gregor at gregor at
Fri May 4 10:34:32 MDT 2001

Didn't follow the rules and got deported. Where's the irony? I'm sure
that an american in Iran would have fared worse in such a situation.

> FIPRESCI informs
> of an open letter written by Jafar Panahi,
> the Iranian Director whose film "The Circle"
> has won the last Venice Festival,
> and addressed to his US colleagues
> who awarded him the Freedom of Expression Prize
> -----------------------------------------------
> Dear Ladies and Gentlemen,
> As the winner of the Freedom of Expression Award for my film,
> The Circle, I would like to take your kind attention to what
> happened to me in your country, an incident that takes place
> everyday in US. And let me hope to see your reaction to these
> inhuman incidents. I believe, I am entitled to be curious about
> the response of the Board who granted me such Award, a response
> proportionate to the behavior I and many other people faced and
> will face.
> You have considered my movie as a "wonderful and daring" film
> and I wish your Board and the US media would dare to condemn
> the savage acts of American Police / Immigration Officers and
> may such condemnation would make the people aware of these acts.
> Otherwise, what would mean winning such Award for me? And what
> honor I would have to keep it? Then, I may return this Award
> to you as you may find another figure that is more in proportionate
> to freedom!
> In the booklet you kindly sent me together with your Award, I
> read that a prestigious film personality like Orson Welles has
> already received this Award. Should I be happy that this great
> man is not among us now to hear how the American police behaves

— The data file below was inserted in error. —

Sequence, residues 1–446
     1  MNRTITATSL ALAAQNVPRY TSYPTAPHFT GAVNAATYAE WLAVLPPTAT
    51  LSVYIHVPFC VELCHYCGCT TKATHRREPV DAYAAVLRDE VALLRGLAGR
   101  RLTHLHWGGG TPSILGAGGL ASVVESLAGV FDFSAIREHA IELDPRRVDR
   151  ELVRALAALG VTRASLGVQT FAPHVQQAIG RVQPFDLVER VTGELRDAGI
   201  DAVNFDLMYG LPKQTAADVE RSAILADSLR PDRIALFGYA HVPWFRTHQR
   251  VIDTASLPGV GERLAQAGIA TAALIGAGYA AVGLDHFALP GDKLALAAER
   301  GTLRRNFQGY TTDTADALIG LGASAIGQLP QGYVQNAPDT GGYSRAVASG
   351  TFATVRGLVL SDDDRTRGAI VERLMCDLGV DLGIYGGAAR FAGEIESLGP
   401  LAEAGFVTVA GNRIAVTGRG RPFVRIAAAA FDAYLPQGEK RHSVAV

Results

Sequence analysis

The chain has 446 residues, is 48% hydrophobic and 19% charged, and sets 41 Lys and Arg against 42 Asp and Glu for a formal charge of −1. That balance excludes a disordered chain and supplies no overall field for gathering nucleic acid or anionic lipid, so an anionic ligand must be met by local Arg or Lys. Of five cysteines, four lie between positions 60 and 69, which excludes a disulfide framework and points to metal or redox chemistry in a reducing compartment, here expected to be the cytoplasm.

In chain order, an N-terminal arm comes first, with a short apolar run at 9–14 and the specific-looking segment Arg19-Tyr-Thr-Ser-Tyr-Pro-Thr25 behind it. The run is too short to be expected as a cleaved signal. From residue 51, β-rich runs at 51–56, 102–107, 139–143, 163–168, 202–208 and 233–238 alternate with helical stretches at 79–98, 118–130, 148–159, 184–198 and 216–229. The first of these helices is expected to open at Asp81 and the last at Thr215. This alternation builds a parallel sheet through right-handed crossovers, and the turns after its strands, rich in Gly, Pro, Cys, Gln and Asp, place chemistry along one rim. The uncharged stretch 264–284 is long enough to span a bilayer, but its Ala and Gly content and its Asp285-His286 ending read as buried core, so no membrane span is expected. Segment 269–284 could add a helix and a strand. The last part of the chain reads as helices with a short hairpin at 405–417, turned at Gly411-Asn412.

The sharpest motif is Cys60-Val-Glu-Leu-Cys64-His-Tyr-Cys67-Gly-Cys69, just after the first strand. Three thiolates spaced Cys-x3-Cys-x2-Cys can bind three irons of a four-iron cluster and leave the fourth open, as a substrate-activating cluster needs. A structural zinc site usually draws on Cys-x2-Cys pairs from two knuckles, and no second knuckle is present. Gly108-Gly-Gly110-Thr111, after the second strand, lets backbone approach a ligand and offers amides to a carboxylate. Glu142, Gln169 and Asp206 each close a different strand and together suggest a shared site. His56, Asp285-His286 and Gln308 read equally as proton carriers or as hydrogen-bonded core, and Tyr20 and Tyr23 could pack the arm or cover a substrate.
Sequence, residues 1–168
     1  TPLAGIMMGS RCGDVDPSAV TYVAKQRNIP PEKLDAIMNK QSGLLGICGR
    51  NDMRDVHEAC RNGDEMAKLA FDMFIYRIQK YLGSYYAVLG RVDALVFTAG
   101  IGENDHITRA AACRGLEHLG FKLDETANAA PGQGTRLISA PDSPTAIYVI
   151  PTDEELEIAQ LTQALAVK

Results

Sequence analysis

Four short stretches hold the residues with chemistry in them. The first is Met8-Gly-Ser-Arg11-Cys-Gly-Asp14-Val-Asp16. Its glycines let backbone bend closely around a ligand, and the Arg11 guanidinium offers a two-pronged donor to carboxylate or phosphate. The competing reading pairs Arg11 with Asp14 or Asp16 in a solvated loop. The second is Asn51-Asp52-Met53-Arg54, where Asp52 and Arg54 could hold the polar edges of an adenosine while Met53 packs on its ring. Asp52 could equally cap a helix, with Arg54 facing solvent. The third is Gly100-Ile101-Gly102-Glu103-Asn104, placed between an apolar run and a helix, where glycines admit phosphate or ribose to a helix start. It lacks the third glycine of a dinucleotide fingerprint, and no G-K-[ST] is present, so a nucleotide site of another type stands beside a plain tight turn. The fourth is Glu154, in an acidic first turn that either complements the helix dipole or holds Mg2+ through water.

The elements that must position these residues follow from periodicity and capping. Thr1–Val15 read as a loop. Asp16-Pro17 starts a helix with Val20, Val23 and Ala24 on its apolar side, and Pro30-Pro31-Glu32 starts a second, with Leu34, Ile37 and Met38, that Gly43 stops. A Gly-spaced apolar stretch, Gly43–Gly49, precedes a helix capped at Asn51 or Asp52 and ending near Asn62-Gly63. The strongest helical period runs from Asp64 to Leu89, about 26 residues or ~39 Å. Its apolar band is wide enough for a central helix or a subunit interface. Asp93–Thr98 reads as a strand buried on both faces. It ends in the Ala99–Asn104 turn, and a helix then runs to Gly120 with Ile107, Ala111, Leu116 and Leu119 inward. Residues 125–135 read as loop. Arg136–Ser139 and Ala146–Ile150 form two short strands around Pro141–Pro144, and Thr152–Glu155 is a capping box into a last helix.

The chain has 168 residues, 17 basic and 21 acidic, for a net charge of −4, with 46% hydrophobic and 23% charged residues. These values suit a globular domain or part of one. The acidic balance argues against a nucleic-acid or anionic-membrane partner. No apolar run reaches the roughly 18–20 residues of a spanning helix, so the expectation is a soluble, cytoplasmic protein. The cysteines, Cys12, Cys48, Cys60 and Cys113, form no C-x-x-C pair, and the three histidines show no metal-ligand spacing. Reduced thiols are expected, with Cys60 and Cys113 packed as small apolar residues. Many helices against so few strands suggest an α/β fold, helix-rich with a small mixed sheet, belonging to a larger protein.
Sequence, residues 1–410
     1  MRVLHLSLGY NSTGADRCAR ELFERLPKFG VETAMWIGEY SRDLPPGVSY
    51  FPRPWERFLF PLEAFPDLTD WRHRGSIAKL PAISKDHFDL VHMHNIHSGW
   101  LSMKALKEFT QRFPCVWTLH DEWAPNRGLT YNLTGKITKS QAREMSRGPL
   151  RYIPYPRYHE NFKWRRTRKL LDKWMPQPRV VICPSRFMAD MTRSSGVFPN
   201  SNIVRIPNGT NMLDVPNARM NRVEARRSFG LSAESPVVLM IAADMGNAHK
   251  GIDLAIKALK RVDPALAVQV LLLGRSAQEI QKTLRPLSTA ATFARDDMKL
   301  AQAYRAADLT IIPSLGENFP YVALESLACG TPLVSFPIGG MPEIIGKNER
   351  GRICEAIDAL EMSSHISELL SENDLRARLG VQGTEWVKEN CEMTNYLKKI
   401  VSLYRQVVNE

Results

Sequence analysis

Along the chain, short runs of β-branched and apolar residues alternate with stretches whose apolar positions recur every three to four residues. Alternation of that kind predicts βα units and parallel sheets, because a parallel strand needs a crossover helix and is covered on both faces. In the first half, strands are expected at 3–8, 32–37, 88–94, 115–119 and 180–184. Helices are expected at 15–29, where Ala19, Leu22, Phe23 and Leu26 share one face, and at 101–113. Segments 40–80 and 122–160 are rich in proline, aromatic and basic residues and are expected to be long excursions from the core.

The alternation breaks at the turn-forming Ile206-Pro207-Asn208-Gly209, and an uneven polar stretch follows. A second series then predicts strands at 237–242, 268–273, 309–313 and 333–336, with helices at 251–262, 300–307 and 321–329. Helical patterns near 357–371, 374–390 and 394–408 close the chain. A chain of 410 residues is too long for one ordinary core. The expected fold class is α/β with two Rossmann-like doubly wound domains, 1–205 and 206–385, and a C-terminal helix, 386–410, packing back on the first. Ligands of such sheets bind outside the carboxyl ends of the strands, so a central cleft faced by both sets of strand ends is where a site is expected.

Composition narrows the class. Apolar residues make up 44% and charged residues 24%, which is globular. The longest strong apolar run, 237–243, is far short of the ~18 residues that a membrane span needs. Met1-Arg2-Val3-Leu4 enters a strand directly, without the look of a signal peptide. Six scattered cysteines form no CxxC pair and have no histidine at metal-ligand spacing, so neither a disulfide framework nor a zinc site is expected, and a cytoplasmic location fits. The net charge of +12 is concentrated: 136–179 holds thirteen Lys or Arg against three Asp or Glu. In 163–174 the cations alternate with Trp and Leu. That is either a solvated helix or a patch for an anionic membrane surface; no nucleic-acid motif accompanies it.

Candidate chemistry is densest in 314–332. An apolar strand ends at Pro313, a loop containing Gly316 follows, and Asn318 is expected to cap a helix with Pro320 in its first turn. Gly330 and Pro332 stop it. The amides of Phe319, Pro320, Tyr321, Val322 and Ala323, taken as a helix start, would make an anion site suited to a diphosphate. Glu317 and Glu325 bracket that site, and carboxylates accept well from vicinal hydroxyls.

> to the filmmakers or people who enter your country? As a filmmaker
> obsessed with social issues, my films deal with social problems
> and limits and naturally I cannot be indifferent to racist, violent,
> insulting and inhuman acts in any place in the world. However,
> I certainly do detach the acts of American police and politicians
> from the cultural institutions and figures as well as from the
> people of USA - as I was informed, the film critics and audiences
> in your country very well received my film. Nevertheless, I will
> inform the world media about my unpleasant experience in New
> York and I hope, your Board, who strives in freedom of expression,
> would react properly in this respect.
> On April 15, I left Hong Kong Film Festival to the Montevideo
> and Buenos Aires Festivals through United Airlines' flight 820.
> This 30-hours trip was via New York JFK airport and I had to
> stay there for two hours and change my flight to Montevideo.
> Further to my requests, the staff of all the said Festivals had
> already checked if a transit visa is required and they assured
> me there is no need for such visa and moreover, the airliner
> issued me the ticket visa NY. But, I myself did ask the United
> Airlines staff for the need for a transit visa at Hong Kong airport
> and I heard the same response.
> As soon as I arrived at JFK airport, the American police took
> me to an office and they asked for finger-printing and photography
> because of my nationality. I refused to do it and I showed them
> my invitations of the Festivals. They threatened to put me in
> the jail if I would not do the finger-printing. I asked for an
> interpreter and to call. They refused. Then, they chained me